I Am Because We Are (2008)


Bil’s rating (out of 5):  BBB.5

USA, 2008.  Semtex Films.  Screenplay by .  Cinematography by , , Nathan Rissman, , .  Produced by .  Music by .  Film Editing by .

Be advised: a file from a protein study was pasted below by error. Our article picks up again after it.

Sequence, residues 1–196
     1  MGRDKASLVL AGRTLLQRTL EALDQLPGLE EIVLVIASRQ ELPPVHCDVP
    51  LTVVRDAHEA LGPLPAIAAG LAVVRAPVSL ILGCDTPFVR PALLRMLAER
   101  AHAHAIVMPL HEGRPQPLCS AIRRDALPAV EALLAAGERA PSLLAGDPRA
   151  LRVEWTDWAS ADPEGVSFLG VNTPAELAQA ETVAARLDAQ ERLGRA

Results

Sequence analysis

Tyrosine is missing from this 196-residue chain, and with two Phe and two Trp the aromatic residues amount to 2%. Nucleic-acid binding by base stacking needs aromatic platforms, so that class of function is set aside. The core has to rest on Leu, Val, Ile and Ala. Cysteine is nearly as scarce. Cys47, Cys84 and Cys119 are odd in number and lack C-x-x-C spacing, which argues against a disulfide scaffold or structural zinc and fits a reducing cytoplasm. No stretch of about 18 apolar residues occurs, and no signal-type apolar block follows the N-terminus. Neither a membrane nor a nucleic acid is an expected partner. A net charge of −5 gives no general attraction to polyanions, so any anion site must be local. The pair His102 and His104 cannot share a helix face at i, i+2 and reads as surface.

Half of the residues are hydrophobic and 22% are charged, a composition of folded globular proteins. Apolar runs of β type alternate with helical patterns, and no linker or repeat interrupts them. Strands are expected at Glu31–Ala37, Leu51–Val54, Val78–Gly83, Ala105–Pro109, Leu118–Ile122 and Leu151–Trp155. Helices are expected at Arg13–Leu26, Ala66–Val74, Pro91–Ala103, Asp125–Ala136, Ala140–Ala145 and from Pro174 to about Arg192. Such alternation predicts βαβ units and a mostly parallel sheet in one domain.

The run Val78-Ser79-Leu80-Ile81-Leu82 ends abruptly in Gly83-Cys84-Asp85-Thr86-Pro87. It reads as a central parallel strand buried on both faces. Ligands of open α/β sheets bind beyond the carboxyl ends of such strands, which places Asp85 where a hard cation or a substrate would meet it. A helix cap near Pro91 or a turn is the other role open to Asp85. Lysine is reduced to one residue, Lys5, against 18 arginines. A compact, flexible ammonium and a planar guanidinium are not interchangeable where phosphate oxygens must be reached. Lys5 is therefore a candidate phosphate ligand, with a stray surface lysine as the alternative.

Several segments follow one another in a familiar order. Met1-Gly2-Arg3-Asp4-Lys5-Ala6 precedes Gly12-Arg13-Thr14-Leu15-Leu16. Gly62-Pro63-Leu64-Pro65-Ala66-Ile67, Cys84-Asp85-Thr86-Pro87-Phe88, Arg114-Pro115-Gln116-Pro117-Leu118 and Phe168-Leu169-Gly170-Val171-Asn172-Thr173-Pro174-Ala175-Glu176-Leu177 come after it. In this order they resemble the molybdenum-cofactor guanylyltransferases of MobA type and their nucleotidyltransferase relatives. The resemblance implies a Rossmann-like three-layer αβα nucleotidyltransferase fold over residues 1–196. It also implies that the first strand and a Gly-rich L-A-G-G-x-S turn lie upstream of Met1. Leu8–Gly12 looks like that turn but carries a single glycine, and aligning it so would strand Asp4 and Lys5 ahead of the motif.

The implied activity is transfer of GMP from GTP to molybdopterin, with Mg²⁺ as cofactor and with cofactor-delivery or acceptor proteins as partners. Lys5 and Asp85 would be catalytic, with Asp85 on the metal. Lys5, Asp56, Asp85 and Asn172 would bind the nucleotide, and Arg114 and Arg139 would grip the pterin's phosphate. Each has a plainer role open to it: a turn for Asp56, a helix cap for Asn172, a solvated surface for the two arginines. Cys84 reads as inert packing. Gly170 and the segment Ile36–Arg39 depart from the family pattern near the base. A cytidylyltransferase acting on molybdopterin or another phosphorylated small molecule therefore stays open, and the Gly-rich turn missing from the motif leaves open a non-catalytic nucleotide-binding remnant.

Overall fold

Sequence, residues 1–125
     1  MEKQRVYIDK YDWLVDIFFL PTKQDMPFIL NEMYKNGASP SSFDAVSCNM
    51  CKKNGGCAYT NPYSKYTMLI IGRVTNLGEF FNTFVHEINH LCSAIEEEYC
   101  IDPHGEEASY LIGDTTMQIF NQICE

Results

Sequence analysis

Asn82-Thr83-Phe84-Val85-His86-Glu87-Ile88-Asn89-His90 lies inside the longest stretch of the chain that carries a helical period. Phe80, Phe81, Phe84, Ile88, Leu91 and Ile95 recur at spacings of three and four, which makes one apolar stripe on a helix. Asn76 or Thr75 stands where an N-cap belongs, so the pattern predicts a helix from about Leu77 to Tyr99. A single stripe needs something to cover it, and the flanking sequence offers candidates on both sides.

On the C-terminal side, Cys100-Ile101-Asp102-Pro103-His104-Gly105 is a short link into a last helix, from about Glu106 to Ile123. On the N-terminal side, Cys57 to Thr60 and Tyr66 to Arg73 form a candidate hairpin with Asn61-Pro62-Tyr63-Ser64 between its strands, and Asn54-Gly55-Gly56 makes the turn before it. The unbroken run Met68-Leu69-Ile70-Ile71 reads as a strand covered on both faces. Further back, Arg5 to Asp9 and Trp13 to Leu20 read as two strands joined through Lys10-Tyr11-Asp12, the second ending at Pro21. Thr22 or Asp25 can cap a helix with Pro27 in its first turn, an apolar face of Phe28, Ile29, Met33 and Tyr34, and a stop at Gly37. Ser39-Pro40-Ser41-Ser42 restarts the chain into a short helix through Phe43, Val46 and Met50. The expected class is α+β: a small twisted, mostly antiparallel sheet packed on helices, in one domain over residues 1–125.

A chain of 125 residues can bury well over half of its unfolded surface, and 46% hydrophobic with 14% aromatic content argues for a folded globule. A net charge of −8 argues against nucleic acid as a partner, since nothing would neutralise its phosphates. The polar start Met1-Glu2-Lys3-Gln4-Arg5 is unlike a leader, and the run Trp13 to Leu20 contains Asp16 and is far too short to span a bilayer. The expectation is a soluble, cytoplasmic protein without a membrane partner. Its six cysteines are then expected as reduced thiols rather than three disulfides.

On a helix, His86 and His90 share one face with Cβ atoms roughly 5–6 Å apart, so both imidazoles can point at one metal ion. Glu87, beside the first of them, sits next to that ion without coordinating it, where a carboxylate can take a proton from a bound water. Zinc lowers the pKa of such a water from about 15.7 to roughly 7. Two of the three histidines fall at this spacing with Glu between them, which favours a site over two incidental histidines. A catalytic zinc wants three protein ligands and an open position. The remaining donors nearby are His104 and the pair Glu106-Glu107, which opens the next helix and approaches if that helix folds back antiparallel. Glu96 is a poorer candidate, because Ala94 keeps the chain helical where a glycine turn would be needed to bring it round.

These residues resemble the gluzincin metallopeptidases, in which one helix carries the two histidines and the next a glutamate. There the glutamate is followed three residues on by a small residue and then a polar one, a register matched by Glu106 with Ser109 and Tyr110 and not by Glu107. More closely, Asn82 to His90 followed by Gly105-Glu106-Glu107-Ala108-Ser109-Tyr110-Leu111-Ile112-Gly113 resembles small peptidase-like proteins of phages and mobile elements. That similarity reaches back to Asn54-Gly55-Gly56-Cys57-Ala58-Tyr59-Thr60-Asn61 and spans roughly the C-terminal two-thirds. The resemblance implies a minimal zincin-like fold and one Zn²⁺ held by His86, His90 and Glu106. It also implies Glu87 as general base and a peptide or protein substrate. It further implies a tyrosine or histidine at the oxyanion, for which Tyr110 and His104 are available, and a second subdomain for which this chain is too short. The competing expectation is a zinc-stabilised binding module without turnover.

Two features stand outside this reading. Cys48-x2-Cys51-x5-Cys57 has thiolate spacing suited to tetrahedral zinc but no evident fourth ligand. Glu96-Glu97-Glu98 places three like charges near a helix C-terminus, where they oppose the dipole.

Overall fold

wrote and produced this touching documentary about the nation of Malawi, reportedly the second poorest country in the world, currently suffering the devastation of AIDS to the tune of one million children left parentless by the disease. The film focuses on a group of children and follows their experiences as they look to survive as best as they can against impossible odds, some of them heads of their households at pre-teen ages, others toddlers who have no idea that they too are suffering from AIDS. Much has been made in the press of Madonna’s involvement in Malawi, particularly her adoption of her son David (who is shown briefly in the film), and most of it is unfair griping at an easy target: it’s quite possible that the Queen of Pop has ulterior motives for bringing this country’s problems to light and personally feeding and housing approximately 25,000 of its children, but quite frankly, it really doesn’t matter.  A continent that has been pillaged and plundered by colonialists for its resources (including free human labour) for multiple generations isn’t going to do much worse because of the do-gooder attitude of a rich white lady. We’ve lived through a generation where people stand in front of Holocaust museums and paint “Never Again” on placards while Rwanda happens because the U.N. is debating endlessly about whether or not they’re dealing with “genocide” or “acts of genocide”:  if Madonna dons a pair of Pradas and heads south or Angelina hops into her plane and adopts children around the world merely for publicity, they are at least doing something active, and children are eating as a result. As for the documentary itself, it is well-crafted and incredibly moving, Madonna commendably leaving herself out of it for the most part (fans will be disappointed to see only a handful of shots with her in them, apart from her narration), though it starts to crumble in its final third: Madonna’s coverage of the organization Spirituality For Kids, with which she is involved, gets away from the cold, hard facts being depicted earlier and starts to revel too much in gooey rhetoric, and this movie could use a hell of a lot more irony. Darwin’s Nightmare it most certainly is not, but the hearts of all involved are in the right place and there is much to be learned about a place in the world where people’s smallest problems make many of our worst look like a day at the spa. The film is available to be viewed in its entirety on YouTube, the first feature film to make its commercial premiere in this manner.

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